As a member for 26 years on the Supreme Court, Justice Ginsburg has lent her voice to countless crucial cases. Among them are the following three major rulings:
? United States v. Virginia, 1996: When 1996 started, the Virginia Military Institute was the country’s last remaining all-male public undergraduate college or university, but by the end of the year, that would no longer be the case, thanks in part to Justice Ginsburg. The United States filed a suit against the school, arguing that the gender-exclusive admissions policy violated the Equal Protection Clause of the 14th Amendment of the Constitution. The court struck down VMI’s all-male admissions policy, with Justice Ginsburg writing the majority opinion that made it clear gender equality is a constitutional right.
? Bush v. Gore, 2000: Some of Justice Ginsburg’s most notable Supreme Court opinions were actually dissents, or disagreements from the majority decision — like in the case of Bush v. Gore, a story that remains a key moment in recent U.S. history. The case ended up at the Supreme Court after George W. Bush’s campaign filed an emergency application to stop a Florida Supreme Court mandate for a manual recount of the ballots in the 2000 presidential election against then-Vice President Al Gore. The Supreme Court granted Mr. Bush’s application, which gave Mr. Bush the victory in Florida and the national electoral college. Justice Ginsburg famously wrote in her opinion, “I dissent.” The phrase was a somewhat harsh departure from the court’s decorum, which means dissenting justices usually use the term “respectfully.”
? Obergefell v. Hodges, 2015: This landmark case granted same-sex couples the right to marry in all 50 states. As a former officiant of same-sex weddings and a promoter of LGBTQ rights, it’s thought that Justice Ginsburg’s outspokenness affected public opinion. The court ruled 5-4 in favor of same-sex marriage.
In her book, Dr. De Hart reveals a number of surprising facts about the justice.
“Ruth’s mother died two days before her high school graduation when she was the valedictorian. It was very painful. She didn’t even tell her friends. Her mother had always stressed about what women could accomplish, especially if they were Jewish. Because of this, Ruth was a feminist long before the word became popular.”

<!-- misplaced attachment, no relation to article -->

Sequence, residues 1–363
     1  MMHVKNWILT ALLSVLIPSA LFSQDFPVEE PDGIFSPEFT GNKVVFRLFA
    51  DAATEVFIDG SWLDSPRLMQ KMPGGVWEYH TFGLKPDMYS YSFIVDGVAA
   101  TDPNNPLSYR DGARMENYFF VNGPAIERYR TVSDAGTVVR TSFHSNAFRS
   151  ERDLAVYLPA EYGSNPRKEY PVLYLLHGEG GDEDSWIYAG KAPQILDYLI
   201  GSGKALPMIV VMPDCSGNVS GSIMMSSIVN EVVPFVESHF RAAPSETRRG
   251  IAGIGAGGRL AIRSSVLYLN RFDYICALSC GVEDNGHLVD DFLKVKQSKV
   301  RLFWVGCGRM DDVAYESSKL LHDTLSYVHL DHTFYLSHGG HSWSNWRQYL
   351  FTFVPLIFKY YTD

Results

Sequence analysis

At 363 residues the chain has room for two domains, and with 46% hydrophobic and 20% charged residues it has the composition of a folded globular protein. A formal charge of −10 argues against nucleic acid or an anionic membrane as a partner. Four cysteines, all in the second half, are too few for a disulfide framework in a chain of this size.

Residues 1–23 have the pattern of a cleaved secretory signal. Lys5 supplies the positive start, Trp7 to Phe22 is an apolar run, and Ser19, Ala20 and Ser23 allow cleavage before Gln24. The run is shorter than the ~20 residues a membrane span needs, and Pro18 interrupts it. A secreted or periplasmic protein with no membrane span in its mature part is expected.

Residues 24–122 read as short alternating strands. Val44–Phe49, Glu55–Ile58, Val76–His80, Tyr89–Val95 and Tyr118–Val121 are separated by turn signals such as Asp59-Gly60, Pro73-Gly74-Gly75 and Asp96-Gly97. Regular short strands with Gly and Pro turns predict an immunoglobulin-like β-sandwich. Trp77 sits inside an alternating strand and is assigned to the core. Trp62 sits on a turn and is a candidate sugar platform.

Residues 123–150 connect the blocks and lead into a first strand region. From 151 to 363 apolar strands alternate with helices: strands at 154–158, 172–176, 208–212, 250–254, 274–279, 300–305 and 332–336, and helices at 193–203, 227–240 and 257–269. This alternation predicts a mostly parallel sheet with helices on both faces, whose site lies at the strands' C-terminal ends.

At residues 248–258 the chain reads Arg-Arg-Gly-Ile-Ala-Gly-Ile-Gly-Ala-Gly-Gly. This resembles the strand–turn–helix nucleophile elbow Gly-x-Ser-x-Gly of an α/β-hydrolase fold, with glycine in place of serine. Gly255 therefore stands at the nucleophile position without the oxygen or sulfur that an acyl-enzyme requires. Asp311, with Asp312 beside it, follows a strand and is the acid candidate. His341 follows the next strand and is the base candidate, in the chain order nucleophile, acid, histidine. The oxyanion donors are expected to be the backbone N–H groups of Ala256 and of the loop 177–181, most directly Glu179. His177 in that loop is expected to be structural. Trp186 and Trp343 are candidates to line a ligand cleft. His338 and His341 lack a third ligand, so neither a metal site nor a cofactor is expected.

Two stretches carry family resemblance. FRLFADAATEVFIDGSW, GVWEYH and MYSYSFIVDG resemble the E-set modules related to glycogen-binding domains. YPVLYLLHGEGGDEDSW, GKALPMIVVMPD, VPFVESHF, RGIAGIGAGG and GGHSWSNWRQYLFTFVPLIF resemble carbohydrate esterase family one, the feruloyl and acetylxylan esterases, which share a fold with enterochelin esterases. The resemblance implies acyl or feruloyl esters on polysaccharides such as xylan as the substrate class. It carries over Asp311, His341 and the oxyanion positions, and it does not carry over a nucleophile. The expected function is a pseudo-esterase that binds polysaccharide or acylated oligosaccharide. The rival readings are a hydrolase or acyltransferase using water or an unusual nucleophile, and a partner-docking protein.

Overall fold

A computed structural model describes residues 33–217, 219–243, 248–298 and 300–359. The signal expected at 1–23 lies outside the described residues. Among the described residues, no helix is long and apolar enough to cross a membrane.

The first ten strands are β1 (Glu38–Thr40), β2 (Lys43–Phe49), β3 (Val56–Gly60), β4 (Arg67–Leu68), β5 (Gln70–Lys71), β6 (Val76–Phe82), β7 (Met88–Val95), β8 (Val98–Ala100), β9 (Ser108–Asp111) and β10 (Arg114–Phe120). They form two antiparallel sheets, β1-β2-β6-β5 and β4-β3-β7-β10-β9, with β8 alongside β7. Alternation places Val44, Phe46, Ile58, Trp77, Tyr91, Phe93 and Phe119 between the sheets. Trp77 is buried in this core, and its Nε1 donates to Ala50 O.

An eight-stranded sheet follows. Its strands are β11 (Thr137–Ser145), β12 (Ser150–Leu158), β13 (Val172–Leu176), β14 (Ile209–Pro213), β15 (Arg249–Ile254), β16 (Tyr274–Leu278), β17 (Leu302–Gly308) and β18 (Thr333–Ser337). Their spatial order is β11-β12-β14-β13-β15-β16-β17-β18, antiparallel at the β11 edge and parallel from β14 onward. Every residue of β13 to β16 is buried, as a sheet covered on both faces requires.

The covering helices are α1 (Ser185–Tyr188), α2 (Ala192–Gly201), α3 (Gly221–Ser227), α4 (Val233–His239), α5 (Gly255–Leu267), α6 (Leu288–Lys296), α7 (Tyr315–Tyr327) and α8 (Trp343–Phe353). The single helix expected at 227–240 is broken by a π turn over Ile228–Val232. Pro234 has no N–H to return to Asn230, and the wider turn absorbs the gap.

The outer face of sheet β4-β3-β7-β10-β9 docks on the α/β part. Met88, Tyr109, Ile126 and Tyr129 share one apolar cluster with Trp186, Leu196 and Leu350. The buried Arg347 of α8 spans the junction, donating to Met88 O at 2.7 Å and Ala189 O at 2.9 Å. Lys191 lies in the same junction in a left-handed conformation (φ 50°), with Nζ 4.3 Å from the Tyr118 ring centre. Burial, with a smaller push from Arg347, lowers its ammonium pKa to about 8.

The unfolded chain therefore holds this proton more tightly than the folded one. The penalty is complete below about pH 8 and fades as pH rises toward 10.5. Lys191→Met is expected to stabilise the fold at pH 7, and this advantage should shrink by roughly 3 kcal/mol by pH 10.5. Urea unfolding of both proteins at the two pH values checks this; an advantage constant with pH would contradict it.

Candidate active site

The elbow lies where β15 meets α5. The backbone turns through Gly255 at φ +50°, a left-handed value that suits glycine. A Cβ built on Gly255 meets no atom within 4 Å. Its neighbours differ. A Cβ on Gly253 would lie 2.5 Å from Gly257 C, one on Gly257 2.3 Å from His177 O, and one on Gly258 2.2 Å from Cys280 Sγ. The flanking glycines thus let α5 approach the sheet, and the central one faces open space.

Despite her Jewish religion, Justice Ginsburg does not participate in formal religious services because only men can participate in the ceremony of shiva after a death.
“She was quite incensed about that,” said the author, who writes about another time when Justice Ginsburg’s granddaughter, Clara, came to visit from New York City.
“Ruth’s daughter, Jane, married a Catholic, and their two children could choose their religion. Clara was Jewish, and when she came to see Ruth, it was Rosh Hashanah, the Jewish New Year. ‘Bubbe (her pet name for her grandmother), we have to go the synagogue,’ she said. There, Justice Ginsburg was amazed to find a female rabbi and a female cantor conducting the services. She said, ‘If that had been the case when I was younger, things might have been different,’ ” said Dr. De Hart, who last saw her good friend in October in Washington, D.C.
“I was on my book tour and gave her a copy of the book with a special inscription,” she said, adding that she hasn’t heard Justice Ginsburg’s reaction yet. “We didn’t have time to talk because Ruth was taking her law clerks to the opera that night.”
Dr. Jane Sherron De Hart, author of “Ruth Bader Ginsburg: A Life,” will be signing her book at the Celebrity Authors’ Luncheon at 10 a.m. March 16 at the Hilton Santa Barbara Beachfront Resort, 633 E. Cabrillo Blvd.
She will also be speaking at 6 p.m. March 8 at the Friday service at Congregation B’nai B’rith, 1000 San Antonio Creek Road.
Her books are available at Chaucer’s Books, 3321 State St., and Tecolote Book Shop, 1470 East Valley Road in Montecito.
For more information, call 568-0068.